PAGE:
Often, will and estate planning are viewed as setting up who gets what after you pass on. While this is certainly part of it, there is more to consider, some that may involve decision-making while you are still alive. In this article, we’ll cover:
- What is estate planning?
- Estate planning basics
- Planning a will
What is Estate Planning?
Estate planning involves three basic components:
- Medical decision-making, which may involve treatment decisions or end-of-life decisions.
- Asset distribution.
- Guardianship for minor children.
An estate plan addresses each of these, providing guidance at a time when making decisions can be hardest. It also ensures that what you want is done should you become incapacitated or die. Here’s a little more information on each of these components of estate planning.
Estate Planning Basics
Medical conditions can leave one unable to make decisions for oneself. These can occur as end-of-life decisions after a full life lived, or they can happen due to a sudden accident, tragically. Sometimes, however, medical decisions do not mean death is imminent; it means you are unable to make decisions for yourself and the outcome—your recovery or passing—is not yet certain.
An estate plan that includes, at a minimum, a medical power-of-attorney (medical POA) identifies who is responsible for making those decisions in this situation. For those who are married, the spouse automatically has the responsibility, unless otherwise identified. For those who are single, it could be a parent.
Perhaps you’re fine with a parent making these decisions, but what if you and your partner live together unmarried? You might want your partner to make those decisions. This is why it’s important for anyone of any age to establish this step of estate planning—and the following steps as well.
The distribution of assets is a significant part of estate planning. This includes distribution of bank accounts, investment accounts, property, insurance policies, vehicles and every other asset in your possession at your passing. There are many ways this can be decided. A will is one way to identify asset distribution; a trust is another way. There can be many others depending on your specific situation.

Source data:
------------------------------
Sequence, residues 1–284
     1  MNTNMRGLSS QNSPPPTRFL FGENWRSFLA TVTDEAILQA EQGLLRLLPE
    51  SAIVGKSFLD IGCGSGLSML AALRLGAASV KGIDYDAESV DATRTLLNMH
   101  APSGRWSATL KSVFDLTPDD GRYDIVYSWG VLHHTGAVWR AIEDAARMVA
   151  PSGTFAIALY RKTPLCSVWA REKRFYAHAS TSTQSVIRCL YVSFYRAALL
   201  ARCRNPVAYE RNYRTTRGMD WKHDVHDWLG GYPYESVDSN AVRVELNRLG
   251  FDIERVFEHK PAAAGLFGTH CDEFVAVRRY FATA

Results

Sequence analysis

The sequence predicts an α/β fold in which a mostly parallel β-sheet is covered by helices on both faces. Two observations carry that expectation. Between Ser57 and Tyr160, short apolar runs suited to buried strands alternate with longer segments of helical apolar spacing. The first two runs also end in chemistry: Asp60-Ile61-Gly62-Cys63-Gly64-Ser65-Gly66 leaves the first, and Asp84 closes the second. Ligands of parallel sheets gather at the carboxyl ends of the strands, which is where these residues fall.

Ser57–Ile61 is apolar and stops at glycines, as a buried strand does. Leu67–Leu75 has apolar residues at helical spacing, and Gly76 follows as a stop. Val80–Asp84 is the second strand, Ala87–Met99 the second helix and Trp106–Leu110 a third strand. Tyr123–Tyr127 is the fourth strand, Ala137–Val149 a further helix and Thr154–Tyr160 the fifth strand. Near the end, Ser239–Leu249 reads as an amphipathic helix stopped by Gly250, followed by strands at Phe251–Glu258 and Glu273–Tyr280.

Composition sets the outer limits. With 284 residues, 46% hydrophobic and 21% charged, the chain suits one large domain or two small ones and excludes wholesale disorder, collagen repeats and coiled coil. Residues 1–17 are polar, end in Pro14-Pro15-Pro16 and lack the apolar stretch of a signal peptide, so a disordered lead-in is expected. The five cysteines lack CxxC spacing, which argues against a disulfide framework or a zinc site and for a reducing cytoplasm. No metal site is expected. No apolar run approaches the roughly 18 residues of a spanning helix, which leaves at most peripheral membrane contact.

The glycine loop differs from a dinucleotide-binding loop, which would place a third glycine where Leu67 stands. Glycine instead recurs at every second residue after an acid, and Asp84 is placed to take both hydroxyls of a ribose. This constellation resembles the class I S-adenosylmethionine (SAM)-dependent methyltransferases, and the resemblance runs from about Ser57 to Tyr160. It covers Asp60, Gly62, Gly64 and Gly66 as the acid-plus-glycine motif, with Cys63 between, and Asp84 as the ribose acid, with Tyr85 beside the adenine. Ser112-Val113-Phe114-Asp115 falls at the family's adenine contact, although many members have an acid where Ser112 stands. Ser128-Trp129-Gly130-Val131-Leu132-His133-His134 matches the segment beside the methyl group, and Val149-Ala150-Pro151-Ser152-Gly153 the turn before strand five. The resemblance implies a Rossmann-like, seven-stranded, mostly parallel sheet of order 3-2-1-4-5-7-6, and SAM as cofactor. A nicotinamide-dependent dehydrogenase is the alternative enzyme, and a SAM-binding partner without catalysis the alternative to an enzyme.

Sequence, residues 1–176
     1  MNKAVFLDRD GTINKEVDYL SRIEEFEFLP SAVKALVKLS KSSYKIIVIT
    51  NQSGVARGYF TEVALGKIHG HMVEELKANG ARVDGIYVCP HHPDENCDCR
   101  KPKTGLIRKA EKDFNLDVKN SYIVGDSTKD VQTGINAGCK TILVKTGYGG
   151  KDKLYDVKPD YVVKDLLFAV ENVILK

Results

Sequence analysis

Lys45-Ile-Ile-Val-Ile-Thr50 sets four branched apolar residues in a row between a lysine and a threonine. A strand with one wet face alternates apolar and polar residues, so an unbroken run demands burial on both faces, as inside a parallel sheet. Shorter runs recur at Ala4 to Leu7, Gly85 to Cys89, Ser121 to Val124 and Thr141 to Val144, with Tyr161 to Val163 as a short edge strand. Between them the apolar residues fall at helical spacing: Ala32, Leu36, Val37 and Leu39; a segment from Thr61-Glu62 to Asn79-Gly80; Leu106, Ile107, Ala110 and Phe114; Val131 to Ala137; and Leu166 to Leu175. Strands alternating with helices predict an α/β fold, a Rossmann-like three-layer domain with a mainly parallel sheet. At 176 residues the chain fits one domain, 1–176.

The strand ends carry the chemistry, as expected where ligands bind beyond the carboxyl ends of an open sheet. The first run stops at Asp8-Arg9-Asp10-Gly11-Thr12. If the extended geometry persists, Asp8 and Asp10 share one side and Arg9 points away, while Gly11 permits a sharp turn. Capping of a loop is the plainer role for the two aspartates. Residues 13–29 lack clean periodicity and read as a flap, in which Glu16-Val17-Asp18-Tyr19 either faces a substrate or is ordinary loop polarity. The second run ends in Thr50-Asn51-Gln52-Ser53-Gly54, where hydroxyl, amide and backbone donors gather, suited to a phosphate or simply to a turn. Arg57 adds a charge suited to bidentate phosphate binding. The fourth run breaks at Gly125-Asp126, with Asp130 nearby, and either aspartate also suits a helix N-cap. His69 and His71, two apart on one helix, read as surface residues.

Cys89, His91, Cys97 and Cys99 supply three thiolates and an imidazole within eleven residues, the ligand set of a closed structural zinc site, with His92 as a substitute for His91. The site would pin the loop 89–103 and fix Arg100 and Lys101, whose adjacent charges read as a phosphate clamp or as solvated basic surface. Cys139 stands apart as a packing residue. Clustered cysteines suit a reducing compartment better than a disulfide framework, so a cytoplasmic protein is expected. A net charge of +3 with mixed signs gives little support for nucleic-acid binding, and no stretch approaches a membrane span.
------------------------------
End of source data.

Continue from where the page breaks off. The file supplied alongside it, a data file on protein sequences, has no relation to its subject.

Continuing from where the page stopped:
Guardianship of Minor Children
If you are a parent, you need to declare who will be responsible for your children in the case of your untimely passing. If you don’t do it, the decision will fall to the courts to determine guardianship, which may not be done to your will.
Planning a Will
A Will is a legal document that spells out the details of how your estate is to be handled. Without a Will, your assets become subject to Intestate Laws, the state’s laws that decide where your assets go on your passing.
When planning a Will, perhaps the most important decision is who should be the executor of the estate. This will be the person who must handle the legal decision-making objectively.
Although a Will can determine asset distribution, there are other options available, such as Revocable Living Trusts, Totten Trusts and more, which can help relieve potential tax burdens on your heirs and descendants.
No aspect of estate planning is difficult to set up. Sometimes, deciding who should be executor of the estate or who should take guardianship of children poses a challenge, but beyond that an estate planner can help with the details. There are also other online resources available which can provide direction.